In a hearing room dominated by opponents – but after city agency heads uniformly gave it their blessing – a 148-unit apartment tower proposed in North Baltimore sailed to approval by a City Council committee yesterday.
During the voting session, Councilman Ryan Dorsey at first blasted the Overlook at Roland Park plan. Noting city documents saying that the building would have 297 parking spaces, he declared, “This amounts to a private developer encouraging and supporting car development.”
The 3rd District freshman went on to call the idea that the project would benefit the city “trickle-down economics” and “irresponsibly myopic.”
Pointing to projected rents of $2,000-$2,500 a month, Dorsey also criticized the project for being unaffordable for the average Baltimore resident and “structurally racist.”
He then changed course, noting that the city’s Law Office testified that the developer’s application for a Planned Unit Development (PUD) was submitted in time.
“I still believe and have faith in the agencies that testified here today that the PUD was entered with legal sufficiency,” Dorsey said.
Describing his options as “limited,” the councilman concluded: “I vote yes.”
“I thought we had a vote there for a minute,” muttered John C. Murphy, attorney for residents objecting to the project to be located behind the former Belvedere Towers, recently purchased by Jonathan Ehrenfeld and renamed “The Falls at Roland Park.”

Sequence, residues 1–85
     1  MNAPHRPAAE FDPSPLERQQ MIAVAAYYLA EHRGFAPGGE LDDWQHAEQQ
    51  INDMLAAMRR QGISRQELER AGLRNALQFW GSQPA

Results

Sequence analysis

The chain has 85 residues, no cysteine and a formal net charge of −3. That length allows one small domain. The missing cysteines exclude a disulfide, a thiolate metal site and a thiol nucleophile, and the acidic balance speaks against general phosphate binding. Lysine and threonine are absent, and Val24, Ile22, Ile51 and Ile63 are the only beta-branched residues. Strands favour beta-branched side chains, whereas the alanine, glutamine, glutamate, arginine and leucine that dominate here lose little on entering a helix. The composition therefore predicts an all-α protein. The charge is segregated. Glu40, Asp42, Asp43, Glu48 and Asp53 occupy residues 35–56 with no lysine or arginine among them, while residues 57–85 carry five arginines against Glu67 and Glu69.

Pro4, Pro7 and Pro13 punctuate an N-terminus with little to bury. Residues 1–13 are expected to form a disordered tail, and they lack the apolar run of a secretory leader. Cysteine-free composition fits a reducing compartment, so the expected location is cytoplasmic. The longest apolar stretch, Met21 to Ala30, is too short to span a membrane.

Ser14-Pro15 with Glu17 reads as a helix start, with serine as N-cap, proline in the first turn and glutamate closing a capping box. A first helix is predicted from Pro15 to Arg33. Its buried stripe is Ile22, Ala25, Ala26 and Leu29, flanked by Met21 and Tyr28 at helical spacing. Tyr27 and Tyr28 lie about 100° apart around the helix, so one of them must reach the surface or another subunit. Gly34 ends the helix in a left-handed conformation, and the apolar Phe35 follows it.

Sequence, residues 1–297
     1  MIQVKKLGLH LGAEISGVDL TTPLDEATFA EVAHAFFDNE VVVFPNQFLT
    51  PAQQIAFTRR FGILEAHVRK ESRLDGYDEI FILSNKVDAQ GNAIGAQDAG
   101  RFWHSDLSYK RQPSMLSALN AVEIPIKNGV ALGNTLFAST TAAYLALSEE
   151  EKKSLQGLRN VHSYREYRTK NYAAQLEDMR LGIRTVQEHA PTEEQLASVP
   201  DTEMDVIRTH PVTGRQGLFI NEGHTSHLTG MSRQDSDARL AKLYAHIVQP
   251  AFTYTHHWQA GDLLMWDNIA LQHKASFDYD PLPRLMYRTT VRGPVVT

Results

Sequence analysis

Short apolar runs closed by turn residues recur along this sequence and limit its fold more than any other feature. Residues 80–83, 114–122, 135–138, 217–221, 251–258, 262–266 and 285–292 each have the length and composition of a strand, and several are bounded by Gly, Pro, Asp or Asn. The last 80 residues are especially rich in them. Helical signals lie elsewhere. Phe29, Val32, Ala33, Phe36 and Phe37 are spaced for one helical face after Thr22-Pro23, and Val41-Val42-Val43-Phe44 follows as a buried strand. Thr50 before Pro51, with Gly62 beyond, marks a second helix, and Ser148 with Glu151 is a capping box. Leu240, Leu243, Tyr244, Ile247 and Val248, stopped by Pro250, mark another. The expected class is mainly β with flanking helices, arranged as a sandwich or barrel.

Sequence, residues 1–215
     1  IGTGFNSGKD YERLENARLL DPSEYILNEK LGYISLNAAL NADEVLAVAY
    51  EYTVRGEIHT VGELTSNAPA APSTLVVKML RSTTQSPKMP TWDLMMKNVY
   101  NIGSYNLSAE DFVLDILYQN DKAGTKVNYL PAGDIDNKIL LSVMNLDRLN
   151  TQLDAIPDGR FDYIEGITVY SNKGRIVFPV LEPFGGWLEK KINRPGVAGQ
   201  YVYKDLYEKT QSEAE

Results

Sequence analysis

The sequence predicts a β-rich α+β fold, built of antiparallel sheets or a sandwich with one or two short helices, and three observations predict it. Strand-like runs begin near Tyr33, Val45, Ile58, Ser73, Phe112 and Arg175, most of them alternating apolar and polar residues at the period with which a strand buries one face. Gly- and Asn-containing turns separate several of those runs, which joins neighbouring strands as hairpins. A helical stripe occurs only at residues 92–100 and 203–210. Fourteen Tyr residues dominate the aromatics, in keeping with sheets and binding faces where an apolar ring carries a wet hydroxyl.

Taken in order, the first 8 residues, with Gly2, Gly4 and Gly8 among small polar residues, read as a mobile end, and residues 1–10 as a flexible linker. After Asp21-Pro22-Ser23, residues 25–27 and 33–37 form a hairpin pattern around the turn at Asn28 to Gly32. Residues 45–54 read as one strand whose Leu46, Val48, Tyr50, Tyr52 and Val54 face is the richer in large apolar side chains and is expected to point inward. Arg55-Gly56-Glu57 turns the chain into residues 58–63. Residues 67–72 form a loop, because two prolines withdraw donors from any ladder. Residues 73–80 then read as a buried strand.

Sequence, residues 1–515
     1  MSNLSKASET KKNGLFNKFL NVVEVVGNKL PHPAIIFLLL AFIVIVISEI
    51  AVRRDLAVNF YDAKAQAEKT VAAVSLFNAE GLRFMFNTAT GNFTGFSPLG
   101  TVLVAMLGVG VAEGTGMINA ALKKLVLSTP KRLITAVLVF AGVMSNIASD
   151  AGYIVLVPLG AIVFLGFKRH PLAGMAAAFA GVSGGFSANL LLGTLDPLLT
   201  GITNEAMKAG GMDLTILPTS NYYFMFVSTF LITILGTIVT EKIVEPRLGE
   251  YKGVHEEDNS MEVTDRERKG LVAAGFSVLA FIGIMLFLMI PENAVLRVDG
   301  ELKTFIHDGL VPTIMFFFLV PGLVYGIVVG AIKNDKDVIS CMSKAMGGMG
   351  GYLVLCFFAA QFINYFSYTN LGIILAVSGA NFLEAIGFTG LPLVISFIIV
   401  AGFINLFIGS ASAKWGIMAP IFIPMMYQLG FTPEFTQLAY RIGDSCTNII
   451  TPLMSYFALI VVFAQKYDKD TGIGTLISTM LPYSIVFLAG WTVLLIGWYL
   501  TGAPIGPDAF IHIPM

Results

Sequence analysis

By a vote of 6 “yes” and one abstention, the Land Use and Transportation Committee approved the PUD bill, introduced by another freshman, Councilman Isaac “Yitzy” Schleifer of the 5th District.
Members joining Dorsey to approve the project were Edward Reisinger, Eric T. Costello, Sharon Green Middleton, Leon Pinkett and Robert Stokes.
Councilwoman Mary Pat Clarke abstained, saying she has family in the Sabina-Mattfeldt neighborhood across Falls Road from the proposed project.
The bill is expected to move to the full Council for a vote next Monday.
While the majority of the capacity crowd in the Council chambers yesterday were opponents wearing white “Don’t Overlook Us” tee shirts, Ehrenfeld also mustered a group of supporters.
One of those wearing a blue “Vote YES to Overlook” shirt was Shelley Sehnert, president of the North Roland Park Association (NRPA) who sat with the developer.
Among Sehnert’s points when she addressed the committee was that additional car traffic at the busy Falls Road and Northern Parkway intersection as a result of the project “would not be catastrophic” .
That same conclusion was the upshot of a traffic impact study presented by Valorie LaCour, chief of transportation planning for the city.
LaCour acknowledged that the study, undertaken by Columbia-based consultant Sabra, Wang & Associates, had not been finished when the Planning Commission approved the PUD bill last month.
By the time of its planned completion in 2019, the development would generate 72 additional morning rush hour trips and 94 additional evening rush hour trips, according to a chart she presented to the committee.